Businesses

Comcast Launches New 24/7 Workplace Surveillance Service (philly.com) 120

America's largest ISP just rolled out a new service that allows small and medium-sized business owners "to oversee their organization" with continuous video surveillance footage that's stored in the cloud -- allowing them to "improve efficiency." An anonymous reader quotes the Philadelphia Inquirer: Inventory is disappearing. Workplace productivity is off. He said/she said office politics are driving people crazy. Who you gonna call...? Comcast Business hopes it will be the one, with the "SmartOffice" surveillance offering formally launched this week in Philadelphia and across "70 percent of our national [internet] service footprint," said Christian Nascimento, executive director of premise services for the Comcast division. Putting a "Smart Cities" (rather than "Big Brother is watching you") spin on "the growing trend for...connected devices across the private and public sectors," the SmartOffice solution "can provide video surveillance to organizations that want to monitor their locations more closely," Nascimento said...
The surveillance cameras are equipped with zoom lenses, night-vision, motion detection, and wide-angle lenses, while an app allows remote access to the footage from smartphones and tablets (though the footage can also be downloaded, or stored online for up to a month). Last year Comcast was heavily involved in an effort to provide Detroit's police department with real-time video feeds from over 120 local businesses, which the mayor said wouldn't have been successful "Without the complete video technology system Comcast provides."
Ubuntu

Ubuntu Linux 17.04 'Zesty Zapus' Final Beta Now Available For Download (betanews.com) 99

BrianFagioli writes: The final beta of Ubuntu 17.04 'Zesty Zapus' became available for download Thursday. While it is never a good idea to run pre-release software on production machines, Canonical is claiming that it should be largely bug free at this point. In other words, if you understand the risks, it should be a fairly safe. Home users aside, this is a good opportunity for administrators to conduct testing prior to the official release next month.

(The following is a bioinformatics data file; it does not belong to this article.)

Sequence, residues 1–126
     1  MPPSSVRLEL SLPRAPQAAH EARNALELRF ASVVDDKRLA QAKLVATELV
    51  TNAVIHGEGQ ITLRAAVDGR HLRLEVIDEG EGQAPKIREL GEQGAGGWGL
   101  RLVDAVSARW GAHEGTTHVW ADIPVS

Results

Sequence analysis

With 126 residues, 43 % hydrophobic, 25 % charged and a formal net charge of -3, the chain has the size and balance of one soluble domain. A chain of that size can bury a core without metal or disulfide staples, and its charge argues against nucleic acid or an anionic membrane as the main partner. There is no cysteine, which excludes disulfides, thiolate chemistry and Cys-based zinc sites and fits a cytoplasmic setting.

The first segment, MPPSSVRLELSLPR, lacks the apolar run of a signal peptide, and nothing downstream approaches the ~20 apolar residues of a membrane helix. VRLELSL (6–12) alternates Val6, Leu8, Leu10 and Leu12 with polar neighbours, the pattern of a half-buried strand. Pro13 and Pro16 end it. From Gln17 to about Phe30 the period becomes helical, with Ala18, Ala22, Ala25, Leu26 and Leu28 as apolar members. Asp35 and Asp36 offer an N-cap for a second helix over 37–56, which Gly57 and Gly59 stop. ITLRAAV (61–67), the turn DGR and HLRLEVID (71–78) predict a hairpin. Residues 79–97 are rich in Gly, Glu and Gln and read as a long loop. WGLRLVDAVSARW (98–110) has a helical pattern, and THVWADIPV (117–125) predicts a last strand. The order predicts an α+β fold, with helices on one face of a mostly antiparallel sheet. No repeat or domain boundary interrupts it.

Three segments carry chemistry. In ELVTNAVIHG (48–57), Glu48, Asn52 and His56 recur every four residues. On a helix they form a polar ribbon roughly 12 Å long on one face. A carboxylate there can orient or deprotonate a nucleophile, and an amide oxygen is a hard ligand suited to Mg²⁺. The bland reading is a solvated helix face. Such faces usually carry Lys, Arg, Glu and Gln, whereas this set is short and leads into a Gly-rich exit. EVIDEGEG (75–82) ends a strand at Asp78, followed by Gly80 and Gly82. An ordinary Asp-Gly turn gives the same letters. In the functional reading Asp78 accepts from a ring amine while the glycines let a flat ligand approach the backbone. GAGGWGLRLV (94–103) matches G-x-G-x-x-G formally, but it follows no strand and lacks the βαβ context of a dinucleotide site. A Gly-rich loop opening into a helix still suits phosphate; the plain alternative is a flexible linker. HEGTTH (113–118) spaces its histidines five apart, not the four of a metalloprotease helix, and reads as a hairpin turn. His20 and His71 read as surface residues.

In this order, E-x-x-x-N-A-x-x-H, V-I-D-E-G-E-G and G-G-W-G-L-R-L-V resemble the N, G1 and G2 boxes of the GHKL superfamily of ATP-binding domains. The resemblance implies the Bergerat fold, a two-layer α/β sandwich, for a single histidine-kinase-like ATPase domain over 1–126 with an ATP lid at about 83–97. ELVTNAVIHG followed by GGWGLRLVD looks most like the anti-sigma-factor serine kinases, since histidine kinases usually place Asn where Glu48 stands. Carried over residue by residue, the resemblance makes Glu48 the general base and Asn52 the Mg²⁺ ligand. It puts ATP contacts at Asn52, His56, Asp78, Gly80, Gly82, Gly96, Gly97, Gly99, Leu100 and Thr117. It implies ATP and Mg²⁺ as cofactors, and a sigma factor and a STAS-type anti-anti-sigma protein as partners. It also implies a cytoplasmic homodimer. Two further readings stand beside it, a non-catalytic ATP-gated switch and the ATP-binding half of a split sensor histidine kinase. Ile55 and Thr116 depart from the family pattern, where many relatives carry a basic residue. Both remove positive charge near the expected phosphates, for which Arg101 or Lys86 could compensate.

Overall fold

"The Ubuntu team is pleased to announce the final beta release of the Ubuntu 17.04 Desktop, Server, and Cloud products. Codenamed 'Zesty Zapus', 17.04 continues Ubuntu's proud tradition of integrating the latest and greatest open source technologies into a high-quality, easy-to-use Linux distribution," says Adam Conrad, Canonical. "The team has been hard at work through this cycle, introducing new features and fixing bugs."

Cloud

Apache Hadoop Has Failed Us, Tech Experts Say (datanami.com) 109

It was the first widely-adopted open source distributed computing platform. But some geeks running it are telling Datanami that Hadoop "is great if you're a data scientist who knows how to code in MapReduce or Pig...but as you go higher up the stack, the abstraction layers have mostly failed to deliver on the promise of enabling business analysts to get at the data." Slashdot reader atcclears shares their report: "I can't find a happy Hadoop customer. It's sort of as simple as that," says Bob Muglia, CEO of Snowflake Computing, which develops and runs a cloud-based relational data warehouse offering. "It's very clear to me, technologically, that it's not the technology base the world will be built on going forward"... [T]hanks to better mousetraps like S3 (for storage) and Spark (for processing), Hadoop will be relegated to niche and legacy statuses going forward, Muglia says. "The number of customers who have actually successfully tamed Hadoop is probably less than 20 and it might be less than 10..."

One of the companies that supposedly tamed Hadoop is Facebook...but according to Bobby Johnson, who helped run Facebook's Hadoop cluster before co-founding behavioral analytics company Interana, the fact that Hadoop is still around is a "historical glitch. That may be a little strong," Johnson says. "But there's a bunch of things that people have been trying to do with it for a long time that it's just not well suited for." Hadoop's strengths lie in serving as a cheap storage repository and for processing ETL batch workloads, Johnson says. But it's ill-suited for running interactive, user-facing applications... "After years of banging our heads against it at Facebook, it was never great at it," he says. "It's really hard to dig into and actually get real answers from... You really have to understand how this thing works to get what you want."

Johnson recommends Apache Kafka instead for big data applications, arguing "there's a pipe of data and anything that wants to do something useful with it can tap into that thing. That feels like a better unifying principal..." And the creator of Kafka -- who ran Hadoop clusters at LinkedIn -- calls Hadoop "just a very complicated stack to build on."
Privacy